After six years of prolonged dispute, Adidas AG could achieve a victory over trademark battle involving famous 3-stripe design. In a recent trademark invalidation appeal, case no. 2016-890047, the Trial Board of Japan Patent Office (JPO) decided in favor of Adidas AG to retroactively null trademark registration no. 5430912 for three lines device mark (see below) due to a likelihood of confusion with Adidas’ famous 3-stripe design.
Disputed mark was filed on March 2, 2011 by a Japanese business entity, designating shoes in class 25 and registered on August 5, 2011 (Registration no. 5430912).
To oppose the registration, on October 18, 2011, Adidas AG filed an opposition against disputed mark based on Article 43bis of the Trademark. But the Opposition Board of JPO overruled the opposition and decided to admit registration of disputed mark on June 27, 2012. Four years later, Adidas AG filed an invalidation appeal with an attempt to retroactively null disputed mark based on Article 4(1)(xv), 46(1)(i) of the Trademark Law.
The Japan Trademark Law provides where a trademark has been registered for five years or more, an invalidation appeal based on Article 4(1)(xv) shall be dismissed unless the trademark was aimed for registration with a fraudulent purpose.
It is imagined that the provision urged Adidas to take an invalidation action eventually since the appeal date is just one week before a lapse of five years from registration.
Adidas AG repeatedly argued a likelihood of confusion between Adidas’ famous 3-stripe design and disputed mark because of a high degree of popularity and reputation of 3-stripe design as a source indicator of Adidas sportswear and sports shoes, visual resemblance between the marks.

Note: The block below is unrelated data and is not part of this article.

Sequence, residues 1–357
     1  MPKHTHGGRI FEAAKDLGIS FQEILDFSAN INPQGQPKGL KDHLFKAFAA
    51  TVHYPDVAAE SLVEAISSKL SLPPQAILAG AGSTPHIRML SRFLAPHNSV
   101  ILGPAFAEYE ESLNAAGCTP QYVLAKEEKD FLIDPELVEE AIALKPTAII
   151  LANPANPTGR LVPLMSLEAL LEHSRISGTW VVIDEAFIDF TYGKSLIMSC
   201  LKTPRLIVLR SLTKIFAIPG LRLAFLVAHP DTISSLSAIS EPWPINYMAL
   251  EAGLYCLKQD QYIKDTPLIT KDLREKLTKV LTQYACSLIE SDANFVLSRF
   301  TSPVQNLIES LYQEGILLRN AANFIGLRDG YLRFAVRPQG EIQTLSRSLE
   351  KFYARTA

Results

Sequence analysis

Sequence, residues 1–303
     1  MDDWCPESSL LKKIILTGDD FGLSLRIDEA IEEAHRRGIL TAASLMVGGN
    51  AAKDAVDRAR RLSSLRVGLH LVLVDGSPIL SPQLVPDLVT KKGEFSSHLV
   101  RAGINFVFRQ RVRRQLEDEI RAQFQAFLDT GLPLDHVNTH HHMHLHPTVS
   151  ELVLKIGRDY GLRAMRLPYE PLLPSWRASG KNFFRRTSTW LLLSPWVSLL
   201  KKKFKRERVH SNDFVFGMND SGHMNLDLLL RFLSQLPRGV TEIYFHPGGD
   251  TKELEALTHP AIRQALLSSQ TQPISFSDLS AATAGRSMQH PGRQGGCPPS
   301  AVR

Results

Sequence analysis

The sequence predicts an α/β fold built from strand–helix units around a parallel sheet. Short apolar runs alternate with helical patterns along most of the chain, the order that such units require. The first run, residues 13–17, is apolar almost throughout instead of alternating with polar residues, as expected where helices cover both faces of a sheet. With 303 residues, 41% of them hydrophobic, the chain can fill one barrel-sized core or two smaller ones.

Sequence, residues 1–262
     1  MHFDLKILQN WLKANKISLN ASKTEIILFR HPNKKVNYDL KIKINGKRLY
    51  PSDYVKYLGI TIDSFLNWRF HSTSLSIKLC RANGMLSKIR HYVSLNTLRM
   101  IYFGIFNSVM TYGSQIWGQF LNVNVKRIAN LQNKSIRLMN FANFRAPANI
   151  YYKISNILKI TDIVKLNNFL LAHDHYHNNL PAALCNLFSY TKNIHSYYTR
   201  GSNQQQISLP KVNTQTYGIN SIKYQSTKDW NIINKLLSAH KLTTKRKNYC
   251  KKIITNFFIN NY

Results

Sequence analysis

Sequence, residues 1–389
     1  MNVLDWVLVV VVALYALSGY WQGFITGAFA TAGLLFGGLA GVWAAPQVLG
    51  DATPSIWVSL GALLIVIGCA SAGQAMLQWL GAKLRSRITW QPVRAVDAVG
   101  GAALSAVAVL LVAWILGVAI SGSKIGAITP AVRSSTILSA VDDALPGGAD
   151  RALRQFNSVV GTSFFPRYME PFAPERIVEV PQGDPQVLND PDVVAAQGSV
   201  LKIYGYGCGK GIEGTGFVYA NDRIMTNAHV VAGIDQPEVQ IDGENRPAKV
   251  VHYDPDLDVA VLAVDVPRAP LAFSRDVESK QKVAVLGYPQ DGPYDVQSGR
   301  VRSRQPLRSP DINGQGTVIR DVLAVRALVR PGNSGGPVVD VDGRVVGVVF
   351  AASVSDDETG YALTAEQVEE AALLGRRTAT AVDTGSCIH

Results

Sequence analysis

The Board found that:
- Adidas’ 3-stripe design has acquired a substantial degree of reputation well before the filing date of disputed mark as a result of continuous marketing activities in Japan since 1971.
- Occasionally, Adidas promotes shoes depicting various types of 3-stripe design with a slight modification to length, width, angle, outline or color of the stripe.
- Disputed mark gives rise to the same visual impression in the mind of consumers with 3-stripe design by taking account of similar graphical representation consisting of three lines in parallel leaning to the left. Difference in detail is negligible since it can be perceived as a variation of Adidas shoes given actual business circumstances.
Based on the above findings, the Board concluded that relevant consumers and traders are likely to confuse shoes using disputed mark with Adidas’ famous 3-stripe design or misconceive a source from any entity systematically or economically connected with Adidas AG. Thus, disputed mark shall be invalidated in violation of Article 4(1)(xv) of the Trademark Law.